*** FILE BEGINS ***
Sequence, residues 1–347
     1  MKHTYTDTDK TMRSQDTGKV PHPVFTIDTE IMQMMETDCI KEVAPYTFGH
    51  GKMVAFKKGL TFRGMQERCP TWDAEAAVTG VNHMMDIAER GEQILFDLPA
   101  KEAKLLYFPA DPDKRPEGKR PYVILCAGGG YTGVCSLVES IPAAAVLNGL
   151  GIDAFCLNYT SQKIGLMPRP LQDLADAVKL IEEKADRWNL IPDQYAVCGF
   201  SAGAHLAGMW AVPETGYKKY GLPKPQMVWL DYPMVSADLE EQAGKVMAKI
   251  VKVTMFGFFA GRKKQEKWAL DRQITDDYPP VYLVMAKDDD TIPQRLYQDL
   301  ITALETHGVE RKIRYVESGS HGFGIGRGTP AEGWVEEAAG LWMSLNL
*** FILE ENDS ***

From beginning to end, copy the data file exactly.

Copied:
Sequence, residues 1–347
     1  MKHTYTDTDK TMRSQDTGKV PHPVFTIDTE IMQMMETDCI KEVAPYTFGH
    51  GKMVAFKKGL TFRGMQERCP TWDAEAAVTG VNHMMDIAER GEQILFDLPA
   101  KEAKLLYFPA DPDKRPEGKR PYVILCAGGG YTGVCSLVES IPAAAVLNGL
   151  GIDAFCLNYT SQKIGLMPRP LQDLADAVKL IEEKADRWNL IPDQYAVCGF
   201  SAGAHLAGMW AVPETGYKKY GLPKPQMVWL DYPMVSADLE EQAGKVMAKI
   251  VKVTMFGFFA GRKKQEKWAL DRQITDDYPP VYLVMAKDDD TIPQRLYQDL
   301  ITALETHGVE RKIRYVESGS HGFGIGRGTP AEGWVEEAAG LWMSLNL